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This short course is a resource excepted from the book "101 Tips to Sell More Art" and can be used as a tool to help artists sell and promote their art.

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101 tips to sell more art - The Short Course

  1. 1. A Short Course in Art Promotion
  2. 2. To sell your artwork you must first promote it
  3. 3. What You Will Learn With this Short Course • Promotional Tools • Web Sites • Traffic • The Media • The Marketplace • Promotion • Making the Sale • Link Resources • A Plan of Action
  4. 4. Caution! • Anyone who tells you they will make you into a successful artist is fooling you • Run, don’t walk away from them – More often than not there is a fee attached to this claim – Absolutely no one has the ability to make someone into a successful artist • What this course can do for you is provide some insight and offer some tools to allow you to create your own success • It really is up to you • The Promotional Formula illustrates the components of a promotional plan that you control – The process can shape your destiny – That’s real power at your fingertips
  5. 5. The Promotional Formula The formula that can create opportunities for artists
  6. 6. Promotional Tools • You will eventually want to produce most of these items • Use your tools and with promotional efforts, all roads should lead potential customers back to you
  7. 7. The Media • The tools I’ve been discussing are designed to use the media. • Media in this fast paced era are constantly changing but the major categories are represented here.
  8. 8. The Marketplace • It isn’t enough to produce art; you must package it and bring it to one of many markets available to you. • There are many choices, many opportunities.
  9. 9. The Promotional Formula Helps Create Opportunity • Build the tools you are shown • Use your tools within the media channels available to you • Gain exposure to the marketplace through use of your tools and channels • Opportunity awaits Opportunity is a doorway to artistic success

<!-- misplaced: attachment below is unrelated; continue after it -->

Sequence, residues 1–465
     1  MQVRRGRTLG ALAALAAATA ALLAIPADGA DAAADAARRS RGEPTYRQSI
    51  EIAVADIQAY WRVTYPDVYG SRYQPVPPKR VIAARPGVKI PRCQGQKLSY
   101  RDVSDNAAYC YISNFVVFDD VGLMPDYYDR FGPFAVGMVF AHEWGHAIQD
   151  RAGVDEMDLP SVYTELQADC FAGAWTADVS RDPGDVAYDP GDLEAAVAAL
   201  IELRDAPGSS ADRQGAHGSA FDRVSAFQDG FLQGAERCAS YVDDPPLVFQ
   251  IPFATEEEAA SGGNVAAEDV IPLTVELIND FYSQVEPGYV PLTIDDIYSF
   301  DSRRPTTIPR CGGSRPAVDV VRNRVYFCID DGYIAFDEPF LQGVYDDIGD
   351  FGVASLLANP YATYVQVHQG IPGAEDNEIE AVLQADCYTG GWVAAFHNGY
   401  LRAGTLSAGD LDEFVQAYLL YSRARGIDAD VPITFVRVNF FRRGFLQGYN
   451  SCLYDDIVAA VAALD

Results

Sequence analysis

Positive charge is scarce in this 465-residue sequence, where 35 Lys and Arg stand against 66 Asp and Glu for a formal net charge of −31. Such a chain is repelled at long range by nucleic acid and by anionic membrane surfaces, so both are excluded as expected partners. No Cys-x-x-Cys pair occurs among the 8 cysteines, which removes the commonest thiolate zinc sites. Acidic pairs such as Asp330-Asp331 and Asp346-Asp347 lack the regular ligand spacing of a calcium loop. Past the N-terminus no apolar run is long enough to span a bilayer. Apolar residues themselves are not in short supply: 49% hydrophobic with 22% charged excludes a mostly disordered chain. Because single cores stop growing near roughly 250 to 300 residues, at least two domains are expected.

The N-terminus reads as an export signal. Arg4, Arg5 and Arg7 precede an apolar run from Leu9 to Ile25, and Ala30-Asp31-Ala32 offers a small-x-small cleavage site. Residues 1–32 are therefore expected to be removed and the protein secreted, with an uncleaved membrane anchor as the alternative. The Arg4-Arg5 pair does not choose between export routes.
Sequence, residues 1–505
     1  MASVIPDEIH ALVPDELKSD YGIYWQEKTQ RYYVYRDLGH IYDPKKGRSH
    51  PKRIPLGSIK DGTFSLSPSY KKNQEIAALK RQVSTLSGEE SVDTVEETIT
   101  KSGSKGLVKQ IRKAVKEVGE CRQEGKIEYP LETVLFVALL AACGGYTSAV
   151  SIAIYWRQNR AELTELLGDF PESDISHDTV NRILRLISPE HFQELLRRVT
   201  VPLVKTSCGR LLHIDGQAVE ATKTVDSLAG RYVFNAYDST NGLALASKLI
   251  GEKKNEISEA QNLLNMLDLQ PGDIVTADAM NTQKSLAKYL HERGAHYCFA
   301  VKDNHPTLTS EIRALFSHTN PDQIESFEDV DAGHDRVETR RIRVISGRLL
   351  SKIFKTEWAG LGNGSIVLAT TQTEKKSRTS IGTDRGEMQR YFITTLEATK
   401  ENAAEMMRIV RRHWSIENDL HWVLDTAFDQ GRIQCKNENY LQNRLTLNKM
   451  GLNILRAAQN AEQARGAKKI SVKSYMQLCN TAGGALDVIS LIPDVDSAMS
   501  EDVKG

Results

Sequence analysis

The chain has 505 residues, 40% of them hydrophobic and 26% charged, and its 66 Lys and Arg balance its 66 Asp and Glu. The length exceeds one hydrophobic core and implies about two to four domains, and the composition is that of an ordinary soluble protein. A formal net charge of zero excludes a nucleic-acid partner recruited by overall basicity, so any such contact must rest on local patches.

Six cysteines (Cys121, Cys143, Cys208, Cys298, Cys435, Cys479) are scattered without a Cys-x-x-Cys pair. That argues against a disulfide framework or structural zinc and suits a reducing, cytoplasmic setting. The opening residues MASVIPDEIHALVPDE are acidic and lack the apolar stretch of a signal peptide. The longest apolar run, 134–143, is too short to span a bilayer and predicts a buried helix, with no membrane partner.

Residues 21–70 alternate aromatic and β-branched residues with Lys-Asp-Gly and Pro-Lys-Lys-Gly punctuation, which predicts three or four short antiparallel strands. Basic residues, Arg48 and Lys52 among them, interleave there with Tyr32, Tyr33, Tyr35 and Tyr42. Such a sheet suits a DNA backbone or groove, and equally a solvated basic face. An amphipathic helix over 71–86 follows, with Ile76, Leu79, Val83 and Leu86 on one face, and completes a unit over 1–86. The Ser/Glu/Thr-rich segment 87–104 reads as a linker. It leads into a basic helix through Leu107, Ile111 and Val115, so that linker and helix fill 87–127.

10. 10. There Are Many Tools to Help You Sell Art
  11. 11. Promotional Tools • Every one of these is a significant tool which will be used to help customers focus on your art, your life. • You will appreciate the doors these tools can open when you start using them. • They don’t cost much to create, and the payback is unlimited. Are you using all or some of these tools?
  12. 12. You Need a Toolkit • Your professional image is only as good as the general public perceives you • You need tools to make your image shine • Do you have a business card? • A business card is a tool • It will be up to you to get comfortable with the tools I introduce you to and utilize the tremendous power and opportunity they represent
  13. 13. But First… • Ask yourself these statements: • Does your art appeal to or work with human nature? • Does your art explode in your viewer’s mind? • Is it the right time for this art? • If the answers are obvious and simple to understand, you’re probably doing the right thing • Do your ideas appeal to human nature? Things that stimulate people to respond are love, sex, anger, joy, humor, etc. How do your viewers react to your art? • Does your art create a WOW effect or strong physical/emotional response in people? • Timing is important. Many artists “ahead of their time” reached great success – after they were dead.